He's got ears--they hear, and he talks with them, and they can tell his temperature, and at times they make a good handle.
Horses have an extremely good sense of hearing. Little is actually known about how they hear, but it is suspected his hearing is more similar to, than different from our hearing.
Humans hear a range of sounds from 30 to 19,000 hertz. Horses can hear a range of 55 to 33,500 hertz. So a human can hear a few lower sounds, but horses hear many more sounds through the higher frequencies.
While their hearing is very sensitive, it is not very precise. The horse may pick up a strange sound, but since he has difficulty placing its exact location, he "spooks." Spooking is actually just getting ready to "get the heck out of here just in case what I hear wants to eat me." Horses share this trait with other animals of prey; predators, on the other hand, can pinpoint a sound's location.
While working around horses keep in mind he will not hear you if you talk in a very low pitched voice. At the same time, he may hear high range sounds you don't hear, and he may spook, perceiving the noise as threatening.
The tone of voice you use tells your horse plenty. An uncertain tone allows him to ignore you and disobey. A definite and steady voice tells him you mean exactly what you say.
A lot of sounds are extremely irritating to some horses; clippers, for example. An irritating noise can actually cause a horse to lose his ability to concentrate on the performance you are requesting. Your horse may, for example, be perfect in the warm-up arena, but distracted by the organ music at the main show arena. Exposure to such noise, plus your calm reassuring voice can help the horse to get over the fear.
A horse talks with his ears by moving them about and telling you exactly what he is concentrating on. A horse's ears are forward, back sideways, but almost always active.
A horse's ear points at what he is looking at. (More later about how he sees in two directions at the same time.) If both ears are pointing forward, the horse is very attentive to something he sees. If his ears are casually moving about, he is relaxed and just checking things out. If his ears are nearly flat on his head, he has "sour" ears and dislikes his companions, his rider, or what he is being asked to do.
Be very careful around the horse which puts his ears flat back on his head. He is about to bite you, kick you, or he is telling you not to mess with his ears, they hurt.
A horse's ears are normally very cool. But when the horse is not feeling well and has a temperature, you'll be able to "feel the heat" in his ears. Luckily horses don't have a lot of problems with their ears, says Dr. Alice.
One of the most common discomforts a horse suffers is infestation by ear ticks. These parasites invade the ear canal, becoming extremely irritating. The horse will shake his head, but to no avail. He'll lay his ears back and he'll resent anyone touching the ear.
There's no way you're going to get the ear ticks out, so call a veterinarian, says Dr. Alice. The vet will provide a medication to kill the ear ticks.
Wax buildup in the ear is also very uncomfortable for the horse. Ear wax can be dissolved with cerumenolytic agents, which can be provided by your veterinarian.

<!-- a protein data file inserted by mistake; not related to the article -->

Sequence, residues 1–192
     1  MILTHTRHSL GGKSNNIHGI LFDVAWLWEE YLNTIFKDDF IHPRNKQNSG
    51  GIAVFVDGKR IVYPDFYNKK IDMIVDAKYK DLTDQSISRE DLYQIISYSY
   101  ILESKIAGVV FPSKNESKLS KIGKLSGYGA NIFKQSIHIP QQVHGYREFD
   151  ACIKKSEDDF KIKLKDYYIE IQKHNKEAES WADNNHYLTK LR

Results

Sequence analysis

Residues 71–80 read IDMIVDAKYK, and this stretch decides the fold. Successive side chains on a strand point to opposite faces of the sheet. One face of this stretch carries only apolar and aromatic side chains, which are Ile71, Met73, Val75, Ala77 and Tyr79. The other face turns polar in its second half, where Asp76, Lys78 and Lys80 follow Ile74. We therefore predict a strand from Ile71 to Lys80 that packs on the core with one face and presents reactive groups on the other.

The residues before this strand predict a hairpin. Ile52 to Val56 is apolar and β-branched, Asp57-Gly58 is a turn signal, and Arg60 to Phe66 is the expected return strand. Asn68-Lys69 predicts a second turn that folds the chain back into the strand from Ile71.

A lot of horses get flat, gray warts in their ears. These are persistent, but usually don't bother the horse too much. Treatment for such warts is usually not recommended, Dr. Alice said. (In most cases these warts are more troublesome to the horse's owner than they are to the horse.) Sarcoids are relatively common, as are melanoma on or in the ears of gray horses.
The tips of the ears are often frozen off horses that are pastured in extremely cold areas. Foals born in the high country often lose the tips of the ears due to frostbite. The tips of the ears are generally the last part of the new foal to dry and are, therefore, susceptible to the cold. And the ears are very subject to wounds. Split-eared horses are a pretty common sight. Such splits can usually be repaired with cosmetic surgery. Even splits several years old can be repaired by a skilled vet, says Dr. Alice.
There are several conditions that do not involve the ear itself, but which may affect the horse's hearing.
Parotitis is swelling and inflammation of the parotid salivary gland, just below the ear. With parotitis, the horse isn't going to like you fooling with his ear.
Diseases of the guttural pouch can also cause a swelling beneath the ear. The guttural pouch is peculiar to the horse. It is a sac that opens into the Eustachian tube of the inner ear, Dr. Alice explains. It can become infected; sometimes with foals it distends with air, causing a condition known as tympanitis.
Tympanitis and parotitis both need the attention of a veterinarian. Finally a horse's ear makes a good handle if it is necessary to restrain a horse. Mistakenly a lot of people claim "earing" a horse will make the horse ear-shy. If done properly, "earing" is a satisfactory method of restraint which will leave no ill effects.
Attacking a horse's ear suddenly, or trying to pull the ear off, will make a horse ear-shy.
But if the ear is grasped gently, then intermittent and powerful pressure is applied with the fingertips, and the ear is released slowly, the horse will show no signs of "shyness."